Whedon makes his style count in the quality of the one-liners. There are no meat-headed testosterone-fuelled swearfests. A running jokes comes after Cap primly calls out a team member for “language.” All characters are so wry, so witty, so referential. Also to Whedon’s credit, all characters get the chance (albeit in a mutter form as they charge towards disaster) to wear their individuality and, thanks to Scarlet Witch induced flashbacks, the painful events that forge their current goals.

There is something to be said for the sight of genuine Hollywood talent at their most athletic and battle-ready delivering character-appropriate witticisms out of the corner of their mouths as they shoot across the screen. So many art-house veterans now plough their niche right to the top of Mount Money. Most of the highest-billed stars have done indie work. Joining them are Samuel L Jackson, Cobie Smulders, Paul Bettany, James Spader, Hayley Atwell, Andy Serkis, Julie Delpy, Idris Elba and Stellan Skarsgård for varying lengths of time (Julie Delpy and Elba appear in blink-and-miss-em parts) and the film is richer because no one is suppressing the quirks that make them compelling stars.

While quirks are not suppressed they are not given the space or time to make more than a momentary impact. This is a pristine, glass and metal, futurist Apple Store world that is ready to blow at any second. Civilians are rolled out to scream and flee from collapsing rubble, smoking carnage and a stomping Hulk. Innovation points come during fight choreography when an elevator is swung around like a hammer throw and we get a boing-boing-boing comedy fast punch sequence between The Hulk and Ultron.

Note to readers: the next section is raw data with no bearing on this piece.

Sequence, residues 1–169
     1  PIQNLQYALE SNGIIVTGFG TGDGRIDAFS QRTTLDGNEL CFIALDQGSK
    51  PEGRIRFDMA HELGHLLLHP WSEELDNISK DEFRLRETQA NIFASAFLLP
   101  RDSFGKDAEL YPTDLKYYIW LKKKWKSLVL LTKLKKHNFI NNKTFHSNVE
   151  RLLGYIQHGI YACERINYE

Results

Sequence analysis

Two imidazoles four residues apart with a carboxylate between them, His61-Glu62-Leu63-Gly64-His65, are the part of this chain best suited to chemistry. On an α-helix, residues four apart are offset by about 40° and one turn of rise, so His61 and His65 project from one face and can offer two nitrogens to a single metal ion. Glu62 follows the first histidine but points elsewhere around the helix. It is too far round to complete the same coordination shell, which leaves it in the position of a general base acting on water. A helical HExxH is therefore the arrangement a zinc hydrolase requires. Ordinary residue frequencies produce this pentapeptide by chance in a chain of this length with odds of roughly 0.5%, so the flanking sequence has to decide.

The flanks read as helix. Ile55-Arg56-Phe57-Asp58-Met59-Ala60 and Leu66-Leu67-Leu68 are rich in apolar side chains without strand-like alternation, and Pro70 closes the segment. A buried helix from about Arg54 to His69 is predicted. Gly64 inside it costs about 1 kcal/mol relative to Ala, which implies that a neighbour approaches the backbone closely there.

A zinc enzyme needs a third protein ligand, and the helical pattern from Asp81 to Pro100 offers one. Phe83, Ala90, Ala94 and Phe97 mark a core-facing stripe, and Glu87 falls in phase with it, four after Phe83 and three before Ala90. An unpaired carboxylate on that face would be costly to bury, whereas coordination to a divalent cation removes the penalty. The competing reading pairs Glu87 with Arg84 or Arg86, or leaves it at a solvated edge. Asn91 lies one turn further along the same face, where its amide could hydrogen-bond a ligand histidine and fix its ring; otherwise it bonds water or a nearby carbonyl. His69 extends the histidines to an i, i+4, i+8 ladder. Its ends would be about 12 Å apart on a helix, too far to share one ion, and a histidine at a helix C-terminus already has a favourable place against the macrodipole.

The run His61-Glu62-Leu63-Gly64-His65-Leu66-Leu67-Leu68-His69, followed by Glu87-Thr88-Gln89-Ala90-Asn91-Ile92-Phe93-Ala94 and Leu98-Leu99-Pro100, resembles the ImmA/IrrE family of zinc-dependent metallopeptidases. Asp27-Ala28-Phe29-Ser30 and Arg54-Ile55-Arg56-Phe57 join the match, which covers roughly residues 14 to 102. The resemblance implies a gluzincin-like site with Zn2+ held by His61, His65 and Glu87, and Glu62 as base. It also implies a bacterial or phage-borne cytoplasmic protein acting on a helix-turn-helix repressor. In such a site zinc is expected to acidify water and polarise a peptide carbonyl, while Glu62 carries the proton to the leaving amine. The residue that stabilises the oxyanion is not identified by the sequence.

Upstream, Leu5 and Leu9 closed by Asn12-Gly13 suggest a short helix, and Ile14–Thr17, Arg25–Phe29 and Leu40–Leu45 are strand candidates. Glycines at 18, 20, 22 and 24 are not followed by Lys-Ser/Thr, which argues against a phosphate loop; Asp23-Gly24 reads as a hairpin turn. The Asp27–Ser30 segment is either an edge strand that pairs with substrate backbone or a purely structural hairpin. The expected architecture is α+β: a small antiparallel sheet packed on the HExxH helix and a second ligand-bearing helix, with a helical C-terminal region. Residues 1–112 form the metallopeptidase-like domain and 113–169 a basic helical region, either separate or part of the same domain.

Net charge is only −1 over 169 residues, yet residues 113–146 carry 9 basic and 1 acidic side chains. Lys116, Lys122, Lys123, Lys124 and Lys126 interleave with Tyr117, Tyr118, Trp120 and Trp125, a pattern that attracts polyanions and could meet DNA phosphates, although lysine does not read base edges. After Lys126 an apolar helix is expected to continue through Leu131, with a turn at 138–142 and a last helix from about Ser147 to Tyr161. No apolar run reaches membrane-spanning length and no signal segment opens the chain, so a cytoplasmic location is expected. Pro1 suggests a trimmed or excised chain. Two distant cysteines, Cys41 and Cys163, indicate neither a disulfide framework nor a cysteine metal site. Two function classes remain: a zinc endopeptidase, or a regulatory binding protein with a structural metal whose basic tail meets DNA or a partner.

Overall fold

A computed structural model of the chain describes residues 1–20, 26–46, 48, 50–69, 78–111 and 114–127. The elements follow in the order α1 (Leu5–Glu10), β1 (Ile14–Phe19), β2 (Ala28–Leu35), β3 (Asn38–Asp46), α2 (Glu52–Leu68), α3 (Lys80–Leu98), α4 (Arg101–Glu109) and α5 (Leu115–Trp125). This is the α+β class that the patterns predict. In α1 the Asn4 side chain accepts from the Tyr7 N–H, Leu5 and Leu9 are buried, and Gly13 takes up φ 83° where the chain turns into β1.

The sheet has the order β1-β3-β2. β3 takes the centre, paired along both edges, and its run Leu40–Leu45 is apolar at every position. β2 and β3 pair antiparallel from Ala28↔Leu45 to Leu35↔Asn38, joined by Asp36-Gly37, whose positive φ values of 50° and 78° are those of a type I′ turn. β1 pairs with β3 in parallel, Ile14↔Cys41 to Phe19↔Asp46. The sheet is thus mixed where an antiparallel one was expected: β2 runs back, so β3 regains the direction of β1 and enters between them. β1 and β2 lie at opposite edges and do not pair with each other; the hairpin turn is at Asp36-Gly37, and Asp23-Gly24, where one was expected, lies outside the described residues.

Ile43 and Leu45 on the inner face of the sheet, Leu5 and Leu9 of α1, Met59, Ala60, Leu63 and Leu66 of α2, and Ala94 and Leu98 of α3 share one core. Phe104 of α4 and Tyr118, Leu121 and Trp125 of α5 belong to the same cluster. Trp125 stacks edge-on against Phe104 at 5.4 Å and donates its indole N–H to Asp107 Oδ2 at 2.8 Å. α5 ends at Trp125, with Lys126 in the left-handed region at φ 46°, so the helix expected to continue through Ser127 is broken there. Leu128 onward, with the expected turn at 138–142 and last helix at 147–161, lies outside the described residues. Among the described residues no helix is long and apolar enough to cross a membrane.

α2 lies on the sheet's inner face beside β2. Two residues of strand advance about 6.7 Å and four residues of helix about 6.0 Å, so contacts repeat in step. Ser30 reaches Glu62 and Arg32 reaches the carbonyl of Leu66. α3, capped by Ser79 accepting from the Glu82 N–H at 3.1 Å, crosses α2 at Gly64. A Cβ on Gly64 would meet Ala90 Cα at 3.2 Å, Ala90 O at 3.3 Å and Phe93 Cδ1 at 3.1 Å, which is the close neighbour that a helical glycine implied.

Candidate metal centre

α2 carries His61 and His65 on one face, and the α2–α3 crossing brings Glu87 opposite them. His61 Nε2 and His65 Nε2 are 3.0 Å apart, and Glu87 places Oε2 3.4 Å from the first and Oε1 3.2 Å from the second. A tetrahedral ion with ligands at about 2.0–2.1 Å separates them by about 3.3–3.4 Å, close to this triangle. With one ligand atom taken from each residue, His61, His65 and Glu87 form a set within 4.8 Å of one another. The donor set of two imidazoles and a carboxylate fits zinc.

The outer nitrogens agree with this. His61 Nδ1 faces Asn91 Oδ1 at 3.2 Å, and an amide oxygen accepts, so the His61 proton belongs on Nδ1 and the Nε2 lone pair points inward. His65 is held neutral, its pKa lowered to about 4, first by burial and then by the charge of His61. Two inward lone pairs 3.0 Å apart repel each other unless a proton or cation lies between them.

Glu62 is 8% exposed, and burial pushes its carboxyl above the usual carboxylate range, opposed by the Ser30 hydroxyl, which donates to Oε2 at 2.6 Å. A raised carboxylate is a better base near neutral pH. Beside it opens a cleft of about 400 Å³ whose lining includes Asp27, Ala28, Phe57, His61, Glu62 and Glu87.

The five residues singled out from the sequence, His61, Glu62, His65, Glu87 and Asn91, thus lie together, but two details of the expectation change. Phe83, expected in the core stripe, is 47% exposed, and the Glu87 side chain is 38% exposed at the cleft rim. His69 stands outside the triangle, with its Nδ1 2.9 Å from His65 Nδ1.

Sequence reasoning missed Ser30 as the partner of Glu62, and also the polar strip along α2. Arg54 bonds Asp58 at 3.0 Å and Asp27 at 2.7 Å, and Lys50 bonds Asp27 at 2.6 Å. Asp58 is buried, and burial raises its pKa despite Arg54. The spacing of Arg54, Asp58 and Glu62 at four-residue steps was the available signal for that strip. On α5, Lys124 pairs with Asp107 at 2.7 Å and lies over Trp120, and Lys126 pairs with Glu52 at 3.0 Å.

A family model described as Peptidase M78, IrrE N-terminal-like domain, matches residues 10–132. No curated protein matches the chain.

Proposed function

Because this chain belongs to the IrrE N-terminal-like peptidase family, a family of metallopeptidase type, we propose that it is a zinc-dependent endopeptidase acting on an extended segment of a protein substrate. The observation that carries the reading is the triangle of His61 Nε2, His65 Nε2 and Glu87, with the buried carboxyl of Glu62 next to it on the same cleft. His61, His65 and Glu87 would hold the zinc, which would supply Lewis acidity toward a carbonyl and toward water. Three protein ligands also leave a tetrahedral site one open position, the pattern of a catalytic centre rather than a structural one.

Ah yes, Ultron — he of whom the age it is “of”. Without wanting to spoil a twisty-turny plot that moves too fast to question and thus requires a degree of post-viewing unpicking, Ultron comes in a form that modern audiences will recognise as a threat: a computer virus. He blossoms into a robot of the exoskeletal, skinless Terminator variety, armed not just with downloaded artificial intelligence but also philosophical savvy. At times, it feels like the film is about to investigate the notion that deciding who is good and who is evil is just a matter of where you’re standing when a bomb explodes. The most exciting moments come when these ideas are fired into the audience on the back of Whedon’s piercing dialogue. “God, you righteous man, pretending that you can live without war,” sneers Ultron at Captain America. Could this be a superhero movie about the moral ambiguity of superheroes?

Not exactly. Although it is a credit to Whedon and the glimmering cast that the thought even occurs. Subversive ideas are there to entertain and distract as the wheels of a templated movie force of nature spins to the inevitable ending, which has bound up in its DNA the origins of the next force of movie nature and the next and the next. No wonder Whedon sounded tired. To quote Nick Fury: “These things multiply faster than a Catholic rabbit.”

The philosophical vignettes might not have the narrative weight to be anything other than beguiling curios tossed out and then forgotten about but there are enough of them, delivered sharply enough by delightful movie stars at the top of their game, to make Age of Ultron one of the most thoughtfully driven monster vehicles you are likely to see in a summer rammed with powerful, glossy, mechanised beasts.

Published 22 Apr 2015

Anticipation.

Suspicious of money-driven movies, but Joss Whedon tends to wend his way with wit and wile.

Enjoyment.

An abundance of interesting ideas and enjoyable lines grease the wheels of this colossal movie machine.

In Retrospect.

Entertaining enough but there are no party bags to take home.